Dutchdragon From United States of America, joined Feb 2007, 22 posts, RR: 0 Posted (8 years 2 months 3 weeks 3 days 1 hour ago) and read 10171 times:
I don't know if this has been asked before in here, although I wouldn't be suprised if it has, but since I am new here, I thought I'd ask it anyways, just incase minds may have been changed since last it was asked
The 2 questions that I have are the following .....
1. In your opinion, which US passenger airline(s) (mainline carriers, no regionals, LCC's or commuters) have the best and worst "hub and spoke" structure up to and since 2001 ?
2. In your opinion, which US passenger airline(s) (mainline carriers, no regionals, LCC's or commuters) have the best and worst airliner fleet diversity up to and since 2001 ?
3. In your opinion, which US passenger airline(s), since the 1980's, have had either better or worse results after merging with 1 or more other US airlines ?
My answers for these questions would be ....
For best hub and spoke airlines, I'd say United and Delta, for worst I'd say Northwest and Continental
For best airline fleets, I'd say, Delta and Continental, for worst, I'd say, United, America, Northwest, US Airways
For best and worst airline mergers, I'd say the best were Alaska and Jet America/MarkAir/WienAir/MorrisAir, Delta and Western (at least, for several years after the merger), United and PanAm (that is, when United got PanAm's Pacific routes and Heathrow rights). For the worst mergers, I'd say American and AirCal/RenoAir, US Airways and PSA/Alleghny, Northwest and Republic/HughesAirWest, Continental and TransInternational/Frontier (the origianal).
Actually it was Continental, Texas International, New York Air, Frontier, and PeoplesExpress that merged into what is today CO.
Quoting Dutchdragon (Thread starter): For best hub and spoke airlines, I'd say United and Delta, for worst I'd say Northwest and Continental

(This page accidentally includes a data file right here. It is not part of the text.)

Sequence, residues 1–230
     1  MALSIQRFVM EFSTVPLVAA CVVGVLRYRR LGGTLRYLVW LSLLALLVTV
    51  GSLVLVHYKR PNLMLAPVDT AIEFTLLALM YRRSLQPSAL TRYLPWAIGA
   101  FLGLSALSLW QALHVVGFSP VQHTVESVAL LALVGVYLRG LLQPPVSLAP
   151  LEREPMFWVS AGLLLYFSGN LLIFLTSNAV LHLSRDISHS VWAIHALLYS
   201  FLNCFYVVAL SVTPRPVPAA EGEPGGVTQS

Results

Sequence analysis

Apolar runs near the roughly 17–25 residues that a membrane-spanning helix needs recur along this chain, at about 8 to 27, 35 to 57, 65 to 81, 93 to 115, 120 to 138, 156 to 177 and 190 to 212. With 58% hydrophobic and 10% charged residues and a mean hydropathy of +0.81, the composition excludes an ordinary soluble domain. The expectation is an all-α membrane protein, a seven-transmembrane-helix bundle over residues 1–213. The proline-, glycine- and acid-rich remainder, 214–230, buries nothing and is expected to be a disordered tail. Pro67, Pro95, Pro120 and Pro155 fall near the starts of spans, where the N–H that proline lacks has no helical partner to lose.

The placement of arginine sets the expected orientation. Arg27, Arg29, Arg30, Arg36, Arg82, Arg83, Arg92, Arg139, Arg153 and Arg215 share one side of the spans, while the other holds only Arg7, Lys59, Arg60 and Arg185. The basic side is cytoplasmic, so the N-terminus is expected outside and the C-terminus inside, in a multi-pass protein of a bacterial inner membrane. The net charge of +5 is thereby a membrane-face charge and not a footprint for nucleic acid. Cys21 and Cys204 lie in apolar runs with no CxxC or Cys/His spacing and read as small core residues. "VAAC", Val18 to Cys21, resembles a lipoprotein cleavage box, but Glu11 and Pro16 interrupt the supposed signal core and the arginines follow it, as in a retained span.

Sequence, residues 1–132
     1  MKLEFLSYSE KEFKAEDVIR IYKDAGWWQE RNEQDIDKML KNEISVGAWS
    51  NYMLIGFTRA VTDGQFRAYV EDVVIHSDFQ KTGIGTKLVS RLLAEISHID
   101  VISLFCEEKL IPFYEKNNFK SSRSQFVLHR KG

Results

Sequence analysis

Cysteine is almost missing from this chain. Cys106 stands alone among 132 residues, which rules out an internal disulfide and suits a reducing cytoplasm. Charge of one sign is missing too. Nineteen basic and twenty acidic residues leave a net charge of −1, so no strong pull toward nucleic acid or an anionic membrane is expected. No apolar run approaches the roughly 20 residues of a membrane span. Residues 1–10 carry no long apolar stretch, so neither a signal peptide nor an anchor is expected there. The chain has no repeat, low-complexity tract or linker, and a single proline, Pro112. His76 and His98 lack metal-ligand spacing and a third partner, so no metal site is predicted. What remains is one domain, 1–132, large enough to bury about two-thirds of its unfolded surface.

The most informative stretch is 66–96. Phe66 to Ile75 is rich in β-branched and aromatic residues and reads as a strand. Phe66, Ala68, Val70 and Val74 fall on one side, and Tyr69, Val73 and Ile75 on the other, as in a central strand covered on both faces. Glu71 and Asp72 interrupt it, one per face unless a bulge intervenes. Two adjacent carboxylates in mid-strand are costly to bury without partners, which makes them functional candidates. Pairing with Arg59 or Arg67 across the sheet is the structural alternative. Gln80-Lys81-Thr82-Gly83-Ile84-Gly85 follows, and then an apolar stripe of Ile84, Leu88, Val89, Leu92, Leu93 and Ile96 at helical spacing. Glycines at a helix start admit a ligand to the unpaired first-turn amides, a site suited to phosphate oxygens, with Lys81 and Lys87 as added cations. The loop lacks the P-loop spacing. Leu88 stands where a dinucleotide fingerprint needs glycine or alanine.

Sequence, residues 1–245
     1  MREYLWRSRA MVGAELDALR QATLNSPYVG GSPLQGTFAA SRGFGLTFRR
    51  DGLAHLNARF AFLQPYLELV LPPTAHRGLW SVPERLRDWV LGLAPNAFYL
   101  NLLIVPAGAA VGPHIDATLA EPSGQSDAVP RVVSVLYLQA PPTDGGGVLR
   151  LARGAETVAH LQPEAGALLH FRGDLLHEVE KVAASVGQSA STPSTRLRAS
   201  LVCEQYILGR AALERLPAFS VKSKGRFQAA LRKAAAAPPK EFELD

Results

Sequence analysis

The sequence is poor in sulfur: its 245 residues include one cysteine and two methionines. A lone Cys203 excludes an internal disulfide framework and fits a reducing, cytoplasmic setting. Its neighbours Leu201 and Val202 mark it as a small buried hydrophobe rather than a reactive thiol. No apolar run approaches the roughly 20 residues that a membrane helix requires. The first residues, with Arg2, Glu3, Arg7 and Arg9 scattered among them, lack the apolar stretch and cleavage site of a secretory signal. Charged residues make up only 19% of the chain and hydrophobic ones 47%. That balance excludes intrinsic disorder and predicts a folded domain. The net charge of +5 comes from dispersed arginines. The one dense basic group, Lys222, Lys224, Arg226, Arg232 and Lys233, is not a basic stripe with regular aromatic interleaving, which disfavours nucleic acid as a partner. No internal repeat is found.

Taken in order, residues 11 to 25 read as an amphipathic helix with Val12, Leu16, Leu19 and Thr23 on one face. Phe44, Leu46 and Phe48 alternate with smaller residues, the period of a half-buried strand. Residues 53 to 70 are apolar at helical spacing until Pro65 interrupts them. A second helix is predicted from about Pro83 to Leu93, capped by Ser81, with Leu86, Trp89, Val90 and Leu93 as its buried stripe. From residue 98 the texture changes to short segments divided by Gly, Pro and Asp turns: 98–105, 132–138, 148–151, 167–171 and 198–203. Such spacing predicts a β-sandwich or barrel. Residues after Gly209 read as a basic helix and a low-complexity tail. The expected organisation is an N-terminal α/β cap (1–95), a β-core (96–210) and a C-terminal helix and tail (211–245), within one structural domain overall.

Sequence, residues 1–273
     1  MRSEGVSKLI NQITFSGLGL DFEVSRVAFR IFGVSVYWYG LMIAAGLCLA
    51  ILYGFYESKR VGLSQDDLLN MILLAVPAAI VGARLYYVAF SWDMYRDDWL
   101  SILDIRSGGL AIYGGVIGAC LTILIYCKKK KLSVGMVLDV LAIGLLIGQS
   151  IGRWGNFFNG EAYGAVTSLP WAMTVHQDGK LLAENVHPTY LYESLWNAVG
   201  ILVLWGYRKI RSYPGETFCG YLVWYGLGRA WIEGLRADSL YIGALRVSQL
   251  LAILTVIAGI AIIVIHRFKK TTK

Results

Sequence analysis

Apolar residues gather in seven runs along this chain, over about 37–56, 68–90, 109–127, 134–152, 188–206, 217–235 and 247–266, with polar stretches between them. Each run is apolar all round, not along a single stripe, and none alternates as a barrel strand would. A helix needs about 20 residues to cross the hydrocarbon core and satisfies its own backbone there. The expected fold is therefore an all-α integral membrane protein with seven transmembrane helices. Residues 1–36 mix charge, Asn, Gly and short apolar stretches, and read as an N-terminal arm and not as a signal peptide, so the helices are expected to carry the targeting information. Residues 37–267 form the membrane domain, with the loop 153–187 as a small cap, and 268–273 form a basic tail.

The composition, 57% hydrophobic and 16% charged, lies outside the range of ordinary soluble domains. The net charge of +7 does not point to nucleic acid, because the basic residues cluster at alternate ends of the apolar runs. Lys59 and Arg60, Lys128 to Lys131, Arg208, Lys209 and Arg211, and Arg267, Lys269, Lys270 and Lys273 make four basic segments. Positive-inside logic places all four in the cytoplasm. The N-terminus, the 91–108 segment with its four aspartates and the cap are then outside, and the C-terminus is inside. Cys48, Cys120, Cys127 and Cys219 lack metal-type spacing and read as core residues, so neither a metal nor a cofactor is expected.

I'd say Continental is pretty well off with EWR and IAH HUBS.......EWR for Europe and IAH to Central/South America are very well located for those operations. IAH is fairly centrally located for domestic travel with IAH-SEA being about the flongest flight at 4+15 most times of the year westbound.
Quoting Dutchdragon (Thread starter): For best airline fleets, I'd say, Delta and Continental, for worst, I'd say, United, America, Northwest, US Airways
The worst I'd have to drop Northwest in first place, pick and choose from the others. The best, add American to the list with Delta and Continental.
Any views shared are strictly my own and do not a represent those of any former employer.
Dc9northwest From Switzerland, joined Feb 2007, 2305 posts, RR: 5
Reply 2, posted (8 years 2 months 3 weeks 2 days 5 hours ago) and read 10002 times:
For best hub and spoke airlines, I'd say United, NWA (the 'best' hubs -DTW and DEN) and Delta (largest one), for worst I'd say Continental (umm... EWR is bad for domestic hub geographically) and US Airways (PHL? I'd rather connect through SIN, even if i'm going to BOS)